How to avoid gender stereotypes

In a speech to elementary school children in Florida, NFL star quarterback Jameis Winston advised boys in the audience to be “strong, ” and the girls “are supposed to be silent, polite, gentle.”

These gender stereotypes begin before birth and continue throughout childhood. Infants are treated differently according to their gender, and this pattern persists throughout childhood. Toys and clothing are generally gender specific. Some of these stereotypes are harmless. Winston’s comments are not.

Kids develop these self-perceptions early in life according to a recently published study in the journal Science. That’s bad news for parents of both boys and girls.

The scientists tested youngsters from 5 to 7 years of age. Children were read a story and then asked to identify a character that was “really, really smart.” The 5 year olds generally selected persons of their own gender. Girls identified female characters as intelligent, while boys selected male characters.

However, the results were different with 6 and 7  year olds. Boys continued to select male characters as brilliant, but girls changed their opinion, more likely to select male than female individuals as intelligent.

In similar studies conducted by researchers Lin Bian and her colleagues, girls’ interests in games “for children who are really, really smart” decreased at around ages 6 and 7.

What’s troublesome about these findings is the harmful impact of girls’ misperceptions of their abilities.  If they perceive themselves as less intelligent, will they be more likely to avoid difficult tasks or certain subjects in school?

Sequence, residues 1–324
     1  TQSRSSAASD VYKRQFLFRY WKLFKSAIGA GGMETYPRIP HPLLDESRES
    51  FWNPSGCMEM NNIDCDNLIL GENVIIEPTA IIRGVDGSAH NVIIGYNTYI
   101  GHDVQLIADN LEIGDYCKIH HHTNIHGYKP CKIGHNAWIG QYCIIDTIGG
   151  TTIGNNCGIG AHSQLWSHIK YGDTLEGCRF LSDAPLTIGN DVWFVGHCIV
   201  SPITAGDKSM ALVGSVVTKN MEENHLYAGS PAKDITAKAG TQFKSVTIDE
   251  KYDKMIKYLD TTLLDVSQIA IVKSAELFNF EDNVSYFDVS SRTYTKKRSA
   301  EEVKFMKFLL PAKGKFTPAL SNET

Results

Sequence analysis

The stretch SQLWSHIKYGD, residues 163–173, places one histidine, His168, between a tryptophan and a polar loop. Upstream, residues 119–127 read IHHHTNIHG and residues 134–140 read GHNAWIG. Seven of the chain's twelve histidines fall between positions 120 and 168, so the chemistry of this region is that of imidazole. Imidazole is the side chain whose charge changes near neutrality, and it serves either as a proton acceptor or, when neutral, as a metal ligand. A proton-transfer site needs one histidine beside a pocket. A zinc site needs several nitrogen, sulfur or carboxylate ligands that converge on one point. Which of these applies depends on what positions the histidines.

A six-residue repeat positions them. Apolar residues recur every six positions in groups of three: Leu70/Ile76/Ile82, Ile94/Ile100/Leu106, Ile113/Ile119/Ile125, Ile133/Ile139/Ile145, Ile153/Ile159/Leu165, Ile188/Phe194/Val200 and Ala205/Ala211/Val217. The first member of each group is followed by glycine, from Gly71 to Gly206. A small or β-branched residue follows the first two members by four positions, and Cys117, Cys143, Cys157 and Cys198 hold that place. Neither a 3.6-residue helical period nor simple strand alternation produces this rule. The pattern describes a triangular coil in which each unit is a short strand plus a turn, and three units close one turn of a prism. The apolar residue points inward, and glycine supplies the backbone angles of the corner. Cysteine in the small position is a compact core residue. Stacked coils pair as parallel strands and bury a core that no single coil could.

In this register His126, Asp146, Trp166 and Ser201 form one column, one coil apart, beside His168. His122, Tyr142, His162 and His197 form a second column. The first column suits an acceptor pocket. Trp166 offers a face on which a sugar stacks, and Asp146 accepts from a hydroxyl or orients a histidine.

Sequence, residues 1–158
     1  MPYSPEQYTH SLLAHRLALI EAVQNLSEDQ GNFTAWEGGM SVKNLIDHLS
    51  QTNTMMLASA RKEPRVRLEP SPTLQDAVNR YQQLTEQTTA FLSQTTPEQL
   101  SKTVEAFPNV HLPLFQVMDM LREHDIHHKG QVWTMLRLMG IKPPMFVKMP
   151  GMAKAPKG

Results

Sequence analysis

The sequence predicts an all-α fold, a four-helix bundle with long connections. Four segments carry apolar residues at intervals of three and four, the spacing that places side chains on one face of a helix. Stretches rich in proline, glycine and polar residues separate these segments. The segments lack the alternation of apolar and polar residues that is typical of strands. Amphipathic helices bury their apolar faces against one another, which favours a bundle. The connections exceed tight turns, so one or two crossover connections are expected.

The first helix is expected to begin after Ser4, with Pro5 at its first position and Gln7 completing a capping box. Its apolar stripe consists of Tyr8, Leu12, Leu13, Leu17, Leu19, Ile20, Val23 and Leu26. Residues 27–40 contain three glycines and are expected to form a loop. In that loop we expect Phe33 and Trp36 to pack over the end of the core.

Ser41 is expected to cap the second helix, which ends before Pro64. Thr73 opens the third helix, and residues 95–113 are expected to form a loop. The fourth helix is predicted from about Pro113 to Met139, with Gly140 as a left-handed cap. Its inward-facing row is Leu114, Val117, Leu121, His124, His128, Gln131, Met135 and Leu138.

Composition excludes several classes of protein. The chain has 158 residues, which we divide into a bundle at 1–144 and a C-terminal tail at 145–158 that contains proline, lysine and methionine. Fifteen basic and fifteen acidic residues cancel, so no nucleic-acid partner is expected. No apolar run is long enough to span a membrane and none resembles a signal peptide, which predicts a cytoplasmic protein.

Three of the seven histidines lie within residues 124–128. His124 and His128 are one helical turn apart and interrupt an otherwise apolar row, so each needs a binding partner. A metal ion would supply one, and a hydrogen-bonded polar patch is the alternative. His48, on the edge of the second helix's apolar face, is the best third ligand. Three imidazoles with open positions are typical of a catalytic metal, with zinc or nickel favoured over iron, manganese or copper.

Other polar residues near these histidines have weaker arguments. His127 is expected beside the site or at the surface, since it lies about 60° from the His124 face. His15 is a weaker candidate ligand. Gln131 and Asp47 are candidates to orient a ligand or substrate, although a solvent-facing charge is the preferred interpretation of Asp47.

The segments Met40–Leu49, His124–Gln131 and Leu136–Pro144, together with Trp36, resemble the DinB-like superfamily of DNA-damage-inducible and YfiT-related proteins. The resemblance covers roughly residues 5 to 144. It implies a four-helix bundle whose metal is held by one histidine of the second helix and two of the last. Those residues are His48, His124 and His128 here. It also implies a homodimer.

Here’s what parents can do.

1. Be careful of your language. Avoid labeling activities as specific to a particular gender. Your words and behavior have a powerful impact on your children.

2. Expose your children, both boys and girls, to a variety of activities. Take your child’s lead in what interests them.  Don’t be concerned if your son is interested in traditionally feminine activities or your daughter enjoys boyish toys.

I think the underlying fear is that by allowing kids to express their interests in non-traditional gender activities you may influence their sexual orientation or identity. It won’t.

3.  Speak up. Our kids deserve more than the rigid gender stereotyping that was prevalent in previous years. Advocate on your children’s behalf so that they can explore activities without ridicule.

4. Stay on message. Your children’s achievements are related to their talent, hard work, and self-control. Those attributes are not specific to one gender, so be careful of dismissing behavior because “he is all boy,” or making a remark that “girls have more problems with math.”  Differences in performance are not caused by gender, but by other factors.

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